“American Boy” by Larry Watson (2011) – 246 pages
Considering that Larry Watson’s most famous novel, which I have also read, is “Montana – 1948”, this new novel could have been called “Minnesota – 1962”. Instead it is called “American Boy”, the story of a small town teenage boy who finds out that the people and events in his town aren’t always as clear and straightforward as they seem. The story takes place in the imaginary Minnesota town of Willow Falls.
“American Boy” is a classic coming-of-age story of youthful emulation and disillusionment. This is a very common theme of fiction. It is Larry Watson’s writing mastery that makes “American Boy” a superior fiction and an outstanding novel. Each chapter of “American Boy” is only five or six pages, but each chapter can stand alone as a well-defined short story itself with its own opening, climax, and denouement. The writing is spare, crystal-clear, and to the point. It seems almost as if the words were etched rather than typed. Watson paints a vivid picture of what life is like in this little town of Willow Falls, the class differences, the eventful days of a small-town doctor, the dreams and desires of a teenage boy moving precariously into adulthood.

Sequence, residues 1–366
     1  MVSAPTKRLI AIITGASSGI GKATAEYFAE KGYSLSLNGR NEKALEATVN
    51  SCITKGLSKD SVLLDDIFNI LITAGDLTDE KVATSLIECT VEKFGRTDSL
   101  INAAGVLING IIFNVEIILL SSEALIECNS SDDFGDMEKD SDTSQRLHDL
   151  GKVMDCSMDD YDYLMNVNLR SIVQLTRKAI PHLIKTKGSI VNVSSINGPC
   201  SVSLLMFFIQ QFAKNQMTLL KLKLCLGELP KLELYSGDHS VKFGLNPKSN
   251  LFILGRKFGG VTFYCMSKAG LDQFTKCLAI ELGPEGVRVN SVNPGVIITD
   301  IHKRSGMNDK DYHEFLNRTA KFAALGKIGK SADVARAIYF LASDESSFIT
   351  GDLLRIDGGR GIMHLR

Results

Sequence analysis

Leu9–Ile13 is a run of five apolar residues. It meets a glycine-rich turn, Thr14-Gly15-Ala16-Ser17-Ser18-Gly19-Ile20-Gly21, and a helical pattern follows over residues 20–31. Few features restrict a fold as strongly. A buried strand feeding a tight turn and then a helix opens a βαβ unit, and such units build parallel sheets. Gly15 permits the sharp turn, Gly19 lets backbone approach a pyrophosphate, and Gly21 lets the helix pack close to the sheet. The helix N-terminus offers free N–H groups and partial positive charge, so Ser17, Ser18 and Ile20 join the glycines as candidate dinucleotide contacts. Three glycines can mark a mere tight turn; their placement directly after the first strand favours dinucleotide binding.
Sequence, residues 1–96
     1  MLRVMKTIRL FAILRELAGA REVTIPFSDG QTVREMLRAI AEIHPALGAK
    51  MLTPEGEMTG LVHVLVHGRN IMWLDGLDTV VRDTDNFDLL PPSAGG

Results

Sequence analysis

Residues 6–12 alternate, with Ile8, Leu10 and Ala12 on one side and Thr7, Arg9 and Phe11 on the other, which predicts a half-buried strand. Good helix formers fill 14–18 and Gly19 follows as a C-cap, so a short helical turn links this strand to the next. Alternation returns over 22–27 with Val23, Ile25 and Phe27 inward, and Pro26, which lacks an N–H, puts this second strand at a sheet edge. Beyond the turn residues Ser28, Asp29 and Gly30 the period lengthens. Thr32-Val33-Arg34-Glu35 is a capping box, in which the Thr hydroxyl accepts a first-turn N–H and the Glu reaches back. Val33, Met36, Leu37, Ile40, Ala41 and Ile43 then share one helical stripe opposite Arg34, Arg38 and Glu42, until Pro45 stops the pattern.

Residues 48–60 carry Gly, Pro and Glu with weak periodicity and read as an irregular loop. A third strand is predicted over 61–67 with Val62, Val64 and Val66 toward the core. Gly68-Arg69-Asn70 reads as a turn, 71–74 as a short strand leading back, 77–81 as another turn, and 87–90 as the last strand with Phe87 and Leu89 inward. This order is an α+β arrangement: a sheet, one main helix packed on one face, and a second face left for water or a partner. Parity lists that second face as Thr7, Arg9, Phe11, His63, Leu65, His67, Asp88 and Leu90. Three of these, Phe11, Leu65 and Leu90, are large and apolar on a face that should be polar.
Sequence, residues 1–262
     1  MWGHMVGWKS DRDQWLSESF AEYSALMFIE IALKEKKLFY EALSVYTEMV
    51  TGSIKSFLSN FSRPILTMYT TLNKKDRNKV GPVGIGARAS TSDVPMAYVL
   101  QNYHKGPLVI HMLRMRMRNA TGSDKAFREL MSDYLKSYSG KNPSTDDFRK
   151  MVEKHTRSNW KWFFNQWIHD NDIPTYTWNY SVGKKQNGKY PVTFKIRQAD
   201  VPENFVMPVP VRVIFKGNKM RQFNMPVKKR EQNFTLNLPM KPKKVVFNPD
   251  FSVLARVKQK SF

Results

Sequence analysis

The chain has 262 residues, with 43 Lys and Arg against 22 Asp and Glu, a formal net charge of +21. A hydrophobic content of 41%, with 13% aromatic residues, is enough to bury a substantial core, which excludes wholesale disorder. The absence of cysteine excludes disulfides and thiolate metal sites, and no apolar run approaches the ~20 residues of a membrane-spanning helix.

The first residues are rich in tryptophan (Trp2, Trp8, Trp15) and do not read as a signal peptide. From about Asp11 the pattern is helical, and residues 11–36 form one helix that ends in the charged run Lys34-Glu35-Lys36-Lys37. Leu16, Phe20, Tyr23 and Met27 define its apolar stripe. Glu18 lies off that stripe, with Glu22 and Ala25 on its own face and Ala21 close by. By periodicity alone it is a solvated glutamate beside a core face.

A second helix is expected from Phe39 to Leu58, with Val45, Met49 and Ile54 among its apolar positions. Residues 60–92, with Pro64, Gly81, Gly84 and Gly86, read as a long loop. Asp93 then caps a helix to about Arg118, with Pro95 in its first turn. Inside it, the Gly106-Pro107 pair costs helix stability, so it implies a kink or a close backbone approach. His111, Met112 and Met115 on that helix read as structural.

“We were exposed to these phenomena in order that we might learn something, but then the lessons we learn are not always those we are taught. . . .”
I do have one minor qualm with the novel, and that is with its title. There are a lot of American boys, and most of them are not small town white boys. The title ‘American Boy’ belongs to all of these boys, and no one has a special claim to it.
The writing of Larry Watson captures perfectly life as it was lived in the early 1960s. There is a depth to these small town characters that goes way beyond any stereotypes. The setting may be classic American, but the plot catches up to the moral ambiguity of modern times.
“American Boy” is a quick read, well worth the time spent